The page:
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Book review: The Big Conservation Lie.

“Hero worship in conservation is as old as wildlife conservation itself. The subjects of this worship are invariably white men and women who are lionized for taking to a life of selfless service of the wilderness and its residents.”

This comes from John Mbaria and Mordecai Ogada’s book “The Big Conservation Lie”. The book is a must read for anyone interested in conservation. It raises serious questions about the way conservation is currently carried out in Kenya and in the rest of Africa.

Mbaria and Ogada describe a small cabal of exclusively white conservationists and conservation thinkers in Kenya. They don’t hesitate to name these conservation heroes in exposing the role they have played in creating “the mess the country faces today in regard to wildlife conservation”.

The wildlife conservation narrative in Kenya, as well as much of Africa, is thoroughly intertwined with colonialism, virulent racism, deliberate exclusion of the natives, veiled bribery, unsurpassed deceit, a conservation cult subscribed to by huge numbers of people in the West, and severe exploitation of the same wilderness conservationists have constantly claimed they are out to preserve. 

Mbaria is a journalist. He has written about conservation since 2000. Ogada has worked in conservation for 16 years in Kenya and other parts of Africa. He focusses on human-wildlife conflict mitigation and carnivore conservation.

The two men met when Ogada was director of the Laikipia Wildlife Forum. Ogada tells the story in an interview with Eli Weiss on Our Wild World:

“We had built a fence to separate wildlife habitats from farmlands, as a way of mitigating conflict between people and elephants. Mbaria was an environmental journalist and he wrote an article calling the fence, ‘a fence to separate the haves and the have nots’. Which was certainly not the intention of building it, but a further examination of the maps showed that the people on one side of it were the haves and the people on the other side of it were the have nots. So this started a conversation between us, and that’s how we eventually met, through this dialogue. It was through the written word, really.”

Ogada is clearly an unusual conservationist. Mbaria wrote an article criticising the action of his NGO. Instead of ignoring the article, or attacking the author, Ogada started a discussion with Mbaria that several years later led to a book.

Conservation’s colonial roots


The roots of conservation in Kenya are colonialism. The role of game keepers in Victorian Britain was to prevent commoners from using wildlife. Commoners were prevented from killing wildlife for survival, so that nobles could kill it for recreation. This is the conservation model that was exported to the colonies.

Conservation separates wildlife from people, and disenfranchises local communities.

Mixing oil and conservation


After many years of criticism of fortress conservation, the 2003 World Parks Congress in Durban announced a “new paradigm for protected areas”. Protected areas were to be managed in compliance with indigenous peoples’ and local communities’ rights, and managed with their involvement.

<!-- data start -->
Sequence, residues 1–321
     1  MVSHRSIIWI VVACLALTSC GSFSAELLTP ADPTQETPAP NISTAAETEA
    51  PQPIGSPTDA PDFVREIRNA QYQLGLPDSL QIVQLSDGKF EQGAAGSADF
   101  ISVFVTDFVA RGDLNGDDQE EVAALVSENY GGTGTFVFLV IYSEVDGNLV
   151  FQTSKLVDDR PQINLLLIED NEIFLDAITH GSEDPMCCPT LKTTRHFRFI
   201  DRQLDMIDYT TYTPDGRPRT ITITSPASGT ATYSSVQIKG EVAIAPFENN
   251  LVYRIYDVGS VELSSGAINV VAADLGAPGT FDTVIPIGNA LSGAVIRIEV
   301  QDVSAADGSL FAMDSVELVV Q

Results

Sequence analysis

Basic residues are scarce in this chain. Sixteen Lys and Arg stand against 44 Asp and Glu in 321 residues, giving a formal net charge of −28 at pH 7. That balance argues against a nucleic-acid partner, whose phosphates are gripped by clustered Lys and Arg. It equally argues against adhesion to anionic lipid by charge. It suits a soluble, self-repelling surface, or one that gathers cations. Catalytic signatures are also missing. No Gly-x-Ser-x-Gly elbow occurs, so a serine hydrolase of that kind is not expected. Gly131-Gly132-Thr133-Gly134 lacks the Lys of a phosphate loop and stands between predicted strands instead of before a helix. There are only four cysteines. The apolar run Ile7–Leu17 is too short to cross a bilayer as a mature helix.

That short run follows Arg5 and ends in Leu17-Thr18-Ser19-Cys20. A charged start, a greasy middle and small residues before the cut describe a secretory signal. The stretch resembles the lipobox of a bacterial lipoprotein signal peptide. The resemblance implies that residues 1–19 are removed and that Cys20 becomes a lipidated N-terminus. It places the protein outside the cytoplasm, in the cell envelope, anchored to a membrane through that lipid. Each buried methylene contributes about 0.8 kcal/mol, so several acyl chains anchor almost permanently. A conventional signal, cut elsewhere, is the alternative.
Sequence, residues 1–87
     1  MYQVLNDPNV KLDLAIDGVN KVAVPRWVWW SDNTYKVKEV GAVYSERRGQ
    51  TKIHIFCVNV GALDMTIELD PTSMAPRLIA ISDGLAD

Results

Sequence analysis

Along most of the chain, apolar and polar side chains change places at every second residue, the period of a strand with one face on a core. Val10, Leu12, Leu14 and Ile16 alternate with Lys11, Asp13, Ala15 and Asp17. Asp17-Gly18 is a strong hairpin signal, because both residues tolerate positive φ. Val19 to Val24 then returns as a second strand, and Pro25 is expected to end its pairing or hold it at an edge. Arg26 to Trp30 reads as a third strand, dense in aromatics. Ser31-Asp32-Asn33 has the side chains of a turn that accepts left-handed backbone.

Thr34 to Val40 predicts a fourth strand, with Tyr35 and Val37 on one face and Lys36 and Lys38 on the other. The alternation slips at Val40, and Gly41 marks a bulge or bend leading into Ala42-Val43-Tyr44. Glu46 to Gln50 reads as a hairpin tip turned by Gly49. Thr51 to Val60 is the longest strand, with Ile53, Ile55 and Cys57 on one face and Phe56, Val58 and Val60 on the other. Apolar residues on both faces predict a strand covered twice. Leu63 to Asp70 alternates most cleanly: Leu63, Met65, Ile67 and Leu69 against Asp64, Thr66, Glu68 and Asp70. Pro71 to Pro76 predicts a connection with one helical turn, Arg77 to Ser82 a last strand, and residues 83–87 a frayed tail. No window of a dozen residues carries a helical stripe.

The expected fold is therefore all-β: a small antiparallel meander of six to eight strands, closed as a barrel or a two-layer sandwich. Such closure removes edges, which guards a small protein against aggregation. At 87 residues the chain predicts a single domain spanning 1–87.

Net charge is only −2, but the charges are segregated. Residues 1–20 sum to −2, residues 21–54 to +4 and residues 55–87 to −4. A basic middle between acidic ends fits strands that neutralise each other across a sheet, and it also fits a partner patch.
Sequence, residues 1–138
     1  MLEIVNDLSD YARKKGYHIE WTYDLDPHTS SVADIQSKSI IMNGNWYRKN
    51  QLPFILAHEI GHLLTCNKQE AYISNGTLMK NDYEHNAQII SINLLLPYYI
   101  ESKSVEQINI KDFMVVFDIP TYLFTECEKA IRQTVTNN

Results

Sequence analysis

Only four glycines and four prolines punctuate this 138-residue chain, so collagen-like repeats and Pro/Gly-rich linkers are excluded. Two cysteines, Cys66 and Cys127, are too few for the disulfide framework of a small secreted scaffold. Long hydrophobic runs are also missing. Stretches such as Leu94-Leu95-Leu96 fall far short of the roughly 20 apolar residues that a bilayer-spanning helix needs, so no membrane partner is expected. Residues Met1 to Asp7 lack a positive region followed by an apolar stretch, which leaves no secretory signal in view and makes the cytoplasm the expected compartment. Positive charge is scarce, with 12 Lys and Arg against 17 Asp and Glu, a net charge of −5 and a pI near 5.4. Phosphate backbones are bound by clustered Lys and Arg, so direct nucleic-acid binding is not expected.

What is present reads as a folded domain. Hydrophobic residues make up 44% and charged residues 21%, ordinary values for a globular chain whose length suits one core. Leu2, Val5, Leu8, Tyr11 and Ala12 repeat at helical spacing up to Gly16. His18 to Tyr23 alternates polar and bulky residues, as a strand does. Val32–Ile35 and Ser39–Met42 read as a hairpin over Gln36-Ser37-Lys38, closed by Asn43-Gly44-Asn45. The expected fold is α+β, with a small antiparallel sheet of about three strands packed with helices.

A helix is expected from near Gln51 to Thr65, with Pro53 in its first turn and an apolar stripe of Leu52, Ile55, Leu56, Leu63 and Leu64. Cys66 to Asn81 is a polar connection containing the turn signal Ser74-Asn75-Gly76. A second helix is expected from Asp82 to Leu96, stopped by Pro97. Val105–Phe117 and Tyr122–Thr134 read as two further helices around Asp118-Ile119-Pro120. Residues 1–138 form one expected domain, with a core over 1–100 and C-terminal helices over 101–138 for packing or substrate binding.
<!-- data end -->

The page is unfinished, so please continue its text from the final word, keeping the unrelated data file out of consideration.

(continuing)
Mbaria and Ogada note that the Northern Rangelands Trust was founded the following year, “in the heady community conservation atmosphere that pervaded the worldwide conservation sector” as a result of the 2003 World Parks Congress.

The founder of the Northern Rangelands Trust, Ian Craig, converted his family’s ranch to the Lewa Wildlife Conservancy. Craig is close friends with Prince William. In 2010, Prince William proposed to Kate Middleton at Lewa. Last year Craig was awarded the Order of the British Empire. Craig is on the board of the Kenya Wildlife Service.

The Northern Rangelands Trust community conservancies now cover an area of 44,000 square kilometres in Kenya. That’s about 8% of the country’s land area. Funders of Northern Rangelands Trust include USAID, The Nature Conservancy, Danida, and Agence Française de Développement.

Mbaria and Ogada ask whether it’s a coincidence that many recent oil discoveries are in areas controlled by the Northern Rangelands Trust.

In October 2015, a press release announced a five-year partnership between Tullow Oil, Africa Oil and the Northern Rangelands Trust. Six new conservancies were to be set up.

But in early 2016, the Governor of Turkana County, Josphat Nanok, declared the conservancies illegal.

Northern Rangelands Trust’s response to criticism


 In February 2017, Mbaria wrote a critical piece about Northern Rangelands Trust in New African magazine. He spoke to local communities in several of the community conservancies. One of their concerns was that even during droughts, they cannot access parts of their lands that are now set aside for wildlife and tourism. As a result their cattle die. Often the land set aside is that best land in the conservancy.

Northern Rangelands Trust got its PR agent, Elodie Sampere, to leave a comment from the CEO, Board Chairman and Chairman of the Council of Elders of the Northern Rangelands Trust. It stated,

Perhaps not surprising in this era of fake news, but I have rarely read a more ill-informed piece of journalism, full of conspiracy theory and with out a strand of truth in its message.

It’s worth contrasting Northern Rangelands Trust’s response with that of Ogada, when Mbaria wrote about the fence separating the haves and have-nots, back when Ogada was director of Laikipia Wildlife Forum.

By: Chris Lang